“We’re operating in a fast-changing environment where there is a massive amount of data and information to understand,” Dan Bartlett, executive VP of corporate affairs at Walmart, says in a statement. He adds that the company is using Primer to “accelerate our decision making.”
George Hoyem, managing partner at In-Q-Tel, is even more bullish on the tech. “Primer’s technology is poised to revolutionize the way our Intelligence Community Partners consume and prioritize information,” he says in a statement.
If markets run on information, then Primer pitches itself as the petrol. With this tool, “the first three hours of your day are now being accelerated,” Gourley says.
From nano- to peta-
Gourley’s own academic and entrepreneurial trajectory has followed an accelerated track.
A New Zealander, Gourley studied nanotechnology at the University of Canterbury, graduating with a masters degree in 2002. Soon after, he briefly took up a post as a research scientist at NASA Ames Research Center before pursuing a PhD in computational physics at Oxford on a Rhodes scholarship.
Just as Gourley was preparing to receive his degree in 2006, he cofounded Quid, another AI startup that specialized in data visualizations. He served as the company’s chief technical officer. (Quid still exists, last raising $12.5 million a year ago from Salesforce crm Ventures and other undisclosed investors at a valuation of $146.5 million, including the capital raised, according to industry tracker Pitchbook.)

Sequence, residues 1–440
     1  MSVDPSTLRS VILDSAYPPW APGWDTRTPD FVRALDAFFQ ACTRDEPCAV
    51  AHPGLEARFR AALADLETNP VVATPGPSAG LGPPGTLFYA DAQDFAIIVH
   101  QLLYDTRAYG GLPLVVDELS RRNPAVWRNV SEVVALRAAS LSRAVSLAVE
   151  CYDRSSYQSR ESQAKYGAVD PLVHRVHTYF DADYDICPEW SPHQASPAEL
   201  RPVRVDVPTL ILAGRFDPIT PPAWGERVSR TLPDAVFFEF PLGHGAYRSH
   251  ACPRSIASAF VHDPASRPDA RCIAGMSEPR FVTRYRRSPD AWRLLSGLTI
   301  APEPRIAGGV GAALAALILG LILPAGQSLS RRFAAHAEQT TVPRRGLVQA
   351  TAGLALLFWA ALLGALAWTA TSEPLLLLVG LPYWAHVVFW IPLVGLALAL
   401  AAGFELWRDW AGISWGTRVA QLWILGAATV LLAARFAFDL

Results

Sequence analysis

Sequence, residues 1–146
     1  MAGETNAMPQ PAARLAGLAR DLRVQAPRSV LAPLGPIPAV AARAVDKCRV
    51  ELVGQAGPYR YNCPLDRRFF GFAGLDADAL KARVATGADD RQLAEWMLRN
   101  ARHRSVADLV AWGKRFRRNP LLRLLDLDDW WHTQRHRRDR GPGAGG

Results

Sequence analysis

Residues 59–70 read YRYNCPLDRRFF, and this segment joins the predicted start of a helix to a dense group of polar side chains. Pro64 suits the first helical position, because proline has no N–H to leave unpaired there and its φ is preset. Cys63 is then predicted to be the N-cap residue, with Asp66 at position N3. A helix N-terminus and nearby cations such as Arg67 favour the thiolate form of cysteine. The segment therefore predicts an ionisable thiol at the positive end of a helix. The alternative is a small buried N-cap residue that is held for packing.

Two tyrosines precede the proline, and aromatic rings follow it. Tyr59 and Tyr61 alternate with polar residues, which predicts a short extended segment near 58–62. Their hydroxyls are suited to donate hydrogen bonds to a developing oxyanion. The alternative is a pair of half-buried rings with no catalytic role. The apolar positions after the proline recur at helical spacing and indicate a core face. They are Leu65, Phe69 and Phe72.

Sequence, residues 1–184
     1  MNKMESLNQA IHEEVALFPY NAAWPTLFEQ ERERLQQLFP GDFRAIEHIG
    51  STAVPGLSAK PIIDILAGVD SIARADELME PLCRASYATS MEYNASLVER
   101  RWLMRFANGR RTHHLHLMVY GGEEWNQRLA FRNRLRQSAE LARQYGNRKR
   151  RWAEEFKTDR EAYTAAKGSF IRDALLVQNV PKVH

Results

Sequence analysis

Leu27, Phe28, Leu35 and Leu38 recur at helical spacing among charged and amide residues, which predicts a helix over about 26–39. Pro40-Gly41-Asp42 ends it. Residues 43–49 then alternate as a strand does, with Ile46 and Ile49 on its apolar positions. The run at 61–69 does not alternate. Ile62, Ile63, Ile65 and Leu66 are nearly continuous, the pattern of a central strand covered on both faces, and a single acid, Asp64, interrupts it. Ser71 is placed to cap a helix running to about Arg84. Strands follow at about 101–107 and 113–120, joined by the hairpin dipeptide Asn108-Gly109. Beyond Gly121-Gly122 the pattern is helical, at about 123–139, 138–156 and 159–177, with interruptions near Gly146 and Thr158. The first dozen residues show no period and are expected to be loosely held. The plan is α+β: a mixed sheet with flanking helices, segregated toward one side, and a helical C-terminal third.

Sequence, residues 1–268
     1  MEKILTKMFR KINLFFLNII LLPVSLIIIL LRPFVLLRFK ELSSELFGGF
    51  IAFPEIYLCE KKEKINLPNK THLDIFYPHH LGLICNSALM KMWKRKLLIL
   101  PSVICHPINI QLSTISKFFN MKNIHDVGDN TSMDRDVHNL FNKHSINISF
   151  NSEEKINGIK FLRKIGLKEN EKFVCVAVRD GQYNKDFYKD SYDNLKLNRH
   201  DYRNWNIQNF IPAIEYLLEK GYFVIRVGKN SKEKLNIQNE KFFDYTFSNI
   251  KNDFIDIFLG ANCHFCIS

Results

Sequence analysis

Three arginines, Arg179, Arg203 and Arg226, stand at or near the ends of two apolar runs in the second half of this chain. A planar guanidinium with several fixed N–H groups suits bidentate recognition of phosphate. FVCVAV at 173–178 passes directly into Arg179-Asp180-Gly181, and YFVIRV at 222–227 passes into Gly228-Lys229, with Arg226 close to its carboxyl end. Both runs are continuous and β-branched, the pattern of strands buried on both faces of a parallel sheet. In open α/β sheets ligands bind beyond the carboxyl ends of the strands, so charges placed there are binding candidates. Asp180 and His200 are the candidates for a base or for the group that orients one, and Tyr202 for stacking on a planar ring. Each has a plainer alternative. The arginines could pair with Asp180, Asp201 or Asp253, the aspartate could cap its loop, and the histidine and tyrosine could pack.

A few years later in 2009, the British science journal Nature featured Gourley’s research on the mathematical structure of insurgencies in war-torn regions, like Iraq and Afghanistan, on its coveted cover. He presented a TED Talk on his findings that same year.
After a few more years at Quid, Gourley decided to set out on his own, convinced that breakthroughs in deep learning and machine intelligence warranted a new business. He began to nurture the idea that would become Primer.
Gourley’s goal is to bring the benefits of intelligence-gathering to the masses.
Few organizations have the resources to maintain big information-combing operations. You can practically name them on one hand, says Gourley, listing off the likes of the CIA, MI6, and a few big banks.
When I mention that Exxon Mobil xom , the world’s biggest publicly traded oil company, is known to have an impressive intelligence division (no doubt a decent training ground for U.S. Secretary of State Rex Tillerson, ex-CEO of Exxon), Gourley’s eyes light up. He notes that he sits on the board of Anadarko, a much smaller oil and gas company by comparison ($27 billion market cap versus Exxon’s $350 billion).
The glimmer in Gourley’s eye conveys that the appointment is no accident. His ambition for Primer: to sell its services to small-and-midsize companies, like hedge funds, retailers, and, yes, oil outfits. Thus the company’s Tuesday debut.
So far Primer’s team of three dozen employees—most of whom are engineers—have built the tool to handle text in three languages: English, Russian, and Chinese. Next up to be added are Arabic and Spanish, Gourley says.
“Once we build machines that help us pass our antiquated cognitive limitations, we’re going to free ourselves up to see more of the structure that exists in the world,” Gourley says.